“Even though labels worried about the impact of free Internet radio, music social networks, and other streaming services like Pandora and Spotify, it looks as if those services are having the same effect that radio did back during the height of its viability,” notes Anthony John Agnello in financial news site InvestorPlace.com. “Free Internet music broadcasts appear to be encouraging digital music sales,” he says.

Looking for a leader

The speed with which the digital-download business has evolved has turned more than a few would-be sure-shots into eventual also-rans. One notable casualty was (former) digital-music provider Napster, which went head-to-head with Apple back in 2005 on the assumption that its Napster To Go portable subscription service—which gave customers access to over a million songs for a mere $15 a month—would help revolutionise the music-listening experience.

In 2008, however, a floundering Napster was acquired by retailer Best Buy on the cheap, and last year its remaining assets were sold to rival subscription service Rhapsody. By then, Rhapsody itself was feeling the heat from new arrivals such as  Pandora. “There are a lot of bodies on the road leading to success with a digital music service,” muses Tim Schaaff, chief executive officer of Sony Network Entertainment.

As such, betting on who will be tomorrow’s music-delivery heroes is no easy task. While up-and-comers such as Spotify are certainly attractive at the moment, it’s tough to argue with the proven track records and 25% profit margins of behemoths Apple and Google. Despite the lure of all-you-can-eat plans such as Rhapsody, Apple’s iTunes ownership model shows no signs of weakening.

During the final quarter of 2011, iTunes users downloaded estimated 16bn songs, good for approximately $1.5bn in revenue. Not to be outdone by the cloud crowd, Apple now offers its ITunes Match, a service that wirelessly syncs users’ iTunes music library between Apple devices using a cloud-based personal storage locker.

The fact that Apple has managed to maintain download supremacy through the creation of must-have proprietary devices (such as the iPad, iPhone and iPod) is obviously not lost on rival Google, which has already announced its intentions to move into the hardware market.

Earlier this year, Google got the green light to acquire Motorola Mobility––part of its ongoing effort to boost production of Android-based smartphones. Currently 40% of smartphones utilise the Android operating system, the Linux-based, Google-owned rival to Apple’s iOS 5 mobile OS. Additionally, the Mountain View, California-based company is said to be developing a proprietary wireless music-streaming system for the home that can be operated from an Android-based handheld device.

In with the in-cloud

While not nearly as competitive on an earnings-per-share basis as Apple or Google, Amazon’s standing as the industry’s overall download sales king makes it a strong contender going forward. Last year, the Seattle-based online retailing giant announced the premier of its Cloud Drive, a music-backup service that allows Amazon customers to store music in the cloud, using a “digital locker” hosted on the company’s servers, with the ability to access personal libraries from any location and on any computer.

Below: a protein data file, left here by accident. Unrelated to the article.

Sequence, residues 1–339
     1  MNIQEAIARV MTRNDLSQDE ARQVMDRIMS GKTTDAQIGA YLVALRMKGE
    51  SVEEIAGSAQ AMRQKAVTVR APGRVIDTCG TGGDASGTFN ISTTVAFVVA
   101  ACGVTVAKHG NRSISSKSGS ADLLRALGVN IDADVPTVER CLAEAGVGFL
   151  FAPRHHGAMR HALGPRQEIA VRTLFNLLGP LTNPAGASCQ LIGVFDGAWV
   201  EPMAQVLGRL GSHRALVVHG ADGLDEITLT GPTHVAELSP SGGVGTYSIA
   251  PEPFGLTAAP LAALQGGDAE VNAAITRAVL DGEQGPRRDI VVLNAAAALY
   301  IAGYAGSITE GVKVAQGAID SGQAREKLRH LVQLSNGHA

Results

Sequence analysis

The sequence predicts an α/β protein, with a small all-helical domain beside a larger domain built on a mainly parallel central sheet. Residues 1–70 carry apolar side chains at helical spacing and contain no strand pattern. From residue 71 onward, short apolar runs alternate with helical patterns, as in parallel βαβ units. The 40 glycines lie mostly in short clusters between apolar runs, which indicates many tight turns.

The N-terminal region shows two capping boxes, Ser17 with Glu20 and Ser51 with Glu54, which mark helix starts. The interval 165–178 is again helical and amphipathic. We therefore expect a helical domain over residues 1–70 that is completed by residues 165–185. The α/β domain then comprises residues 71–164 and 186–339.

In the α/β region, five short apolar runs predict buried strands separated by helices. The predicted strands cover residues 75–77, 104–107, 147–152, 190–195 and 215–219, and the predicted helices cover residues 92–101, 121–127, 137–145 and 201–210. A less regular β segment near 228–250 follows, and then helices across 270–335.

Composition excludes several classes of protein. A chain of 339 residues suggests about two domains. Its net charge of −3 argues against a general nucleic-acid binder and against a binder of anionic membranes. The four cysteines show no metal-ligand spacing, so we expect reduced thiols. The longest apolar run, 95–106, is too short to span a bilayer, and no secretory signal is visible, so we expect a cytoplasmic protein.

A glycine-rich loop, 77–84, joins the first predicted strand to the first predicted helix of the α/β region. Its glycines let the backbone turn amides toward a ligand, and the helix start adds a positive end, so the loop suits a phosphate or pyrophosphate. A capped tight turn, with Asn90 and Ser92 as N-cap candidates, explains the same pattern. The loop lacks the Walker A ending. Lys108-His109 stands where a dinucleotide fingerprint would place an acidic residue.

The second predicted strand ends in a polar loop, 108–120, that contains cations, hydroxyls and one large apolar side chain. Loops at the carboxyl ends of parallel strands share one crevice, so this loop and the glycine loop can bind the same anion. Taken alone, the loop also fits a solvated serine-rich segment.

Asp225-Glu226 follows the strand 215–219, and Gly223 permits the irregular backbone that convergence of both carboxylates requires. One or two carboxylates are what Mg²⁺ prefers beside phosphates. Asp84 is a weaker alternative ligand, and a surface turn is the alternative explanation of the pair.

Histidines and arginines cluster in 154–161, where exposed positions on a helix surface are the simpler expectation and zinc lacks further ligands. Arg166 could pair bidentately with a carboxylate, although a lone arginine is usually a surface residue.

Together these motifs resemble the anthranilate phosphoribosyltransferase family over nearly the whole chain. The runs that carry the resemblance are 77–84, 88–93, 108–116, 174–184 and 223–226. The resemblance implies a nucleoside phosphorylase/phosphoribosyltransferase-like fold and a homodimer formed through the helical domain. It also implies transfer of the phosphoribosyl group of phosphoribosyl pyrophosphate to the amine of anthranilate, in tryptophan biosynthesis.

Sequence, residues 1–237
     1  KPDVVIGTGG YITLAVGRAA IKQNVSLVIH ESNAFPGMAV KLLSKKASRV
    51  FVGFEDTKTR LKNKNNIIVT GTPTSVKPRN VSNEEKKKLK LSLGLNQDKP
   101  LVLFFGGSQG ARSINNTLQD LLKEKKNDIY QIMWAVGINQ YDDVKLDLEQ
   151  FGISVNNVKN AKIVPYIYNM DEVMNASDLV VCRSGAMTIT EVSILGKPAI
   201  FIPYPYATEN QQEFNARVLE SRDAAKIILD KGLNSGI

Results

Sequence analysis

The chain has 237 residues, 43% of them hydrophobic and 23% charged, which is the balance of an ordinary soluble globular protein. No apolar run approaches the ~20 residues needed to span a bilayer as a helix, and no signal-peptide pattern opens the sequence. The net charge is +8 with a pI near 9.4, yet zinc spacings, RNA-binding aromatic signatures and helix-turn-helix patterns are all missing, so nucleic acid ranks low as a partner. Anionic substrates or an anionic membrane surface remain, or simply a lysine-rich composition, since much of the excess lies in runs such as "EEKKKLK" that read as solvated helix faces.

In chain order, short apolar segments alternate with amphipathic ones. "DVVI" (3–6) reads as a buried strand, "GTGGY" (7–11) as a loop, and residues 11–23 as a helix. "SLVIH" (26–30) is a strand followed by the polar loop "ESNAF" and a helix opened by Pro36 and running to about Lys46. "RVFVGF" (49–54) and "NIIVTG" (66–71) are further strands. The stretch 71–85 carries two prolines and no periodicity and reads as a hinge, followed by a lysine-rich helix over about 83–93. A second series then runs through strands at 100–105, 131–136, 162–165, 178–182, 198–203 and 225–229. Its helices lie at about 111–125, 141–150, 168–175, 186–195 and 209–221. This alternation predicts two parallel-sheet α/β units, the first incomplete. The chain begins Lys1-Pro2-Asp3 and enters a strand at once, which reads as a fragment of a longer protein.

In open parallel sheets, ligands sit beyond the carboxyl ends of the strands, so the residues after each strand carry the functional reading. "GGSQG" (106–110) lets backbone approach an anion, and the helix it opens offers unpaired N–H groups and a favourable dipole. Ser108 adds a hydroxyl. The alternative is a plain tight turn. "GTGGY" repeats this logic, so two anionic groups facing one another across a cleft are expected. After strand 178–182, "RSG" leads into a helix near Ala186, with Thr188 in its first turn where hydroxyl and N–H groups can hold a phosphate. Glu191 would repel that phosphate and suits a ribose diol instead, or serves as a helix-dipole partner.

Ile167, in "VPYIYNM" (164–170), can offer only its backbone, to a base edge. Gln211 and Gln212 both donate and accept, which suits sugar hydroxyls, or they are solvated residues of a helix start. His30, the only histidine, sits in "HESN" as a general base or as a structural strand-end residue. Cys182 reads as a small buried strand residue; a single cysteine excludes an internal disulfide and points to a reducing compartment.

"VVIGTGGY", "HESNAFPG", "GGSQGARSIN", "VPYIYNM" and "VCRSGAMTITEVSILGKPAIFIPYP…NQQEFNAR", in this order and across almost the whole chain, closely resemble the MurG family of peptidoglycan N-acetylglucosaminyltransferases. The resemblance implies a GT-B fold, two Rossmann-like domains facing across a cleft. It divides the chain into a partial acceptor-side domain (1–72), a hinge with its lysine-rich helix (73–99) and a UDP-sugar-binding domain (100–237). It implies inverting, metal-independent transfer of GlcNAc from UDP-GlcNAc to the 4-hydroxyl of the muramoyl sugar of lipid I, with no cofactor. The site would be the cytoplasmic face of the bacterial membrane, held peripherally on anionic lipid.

Providing a more practical means of accessing users’ personal media libraries appears to be at the heart of Amazon’s cloud-based model, notes Frank Gillett, vice president and principal analyst for Forrester Research, called the move a “first salvo in a series of steps that will lead Amazon to compete directly for the primary computing platform for individuals, as an online platform, as a device operating system, and as a maker of branded tablets,” says Gillett.

In-the-cloud music plans, which typically offer users the choice of a free, advertising-supported plan, or a premium paid-for option, are fast becoming the medium of choice on the increasingly crowded digital-music frontlines. Compared to portable subscription plans of the past that only worked with a limited number of devices, emerging cloud providers have addressed compatibility issues by allowing users to access music through apps on smartphones and other connected devices. “This has vastly improved the quality and level of the consumer experience,” notes IFPI.

Live streaming music

One of the more visible cloud-based proponents of late has been Spotify, which allows users to live-stream music from the vast libraries of companies such as Sony, EMI and Universal. Like rival Rhapsody, Spotify users rent their music on a monthly basis by accessing tracks through an internet connection; premium members may also listen offline by downloading and storing music to a smart phone or similar portable device.

Where iTunes currently charges $1.29 to own a single track, Spotify users who don’t mind viewing the occasional banner ad may stream tracks free of charge (or pay $15 a month for music without any advertising).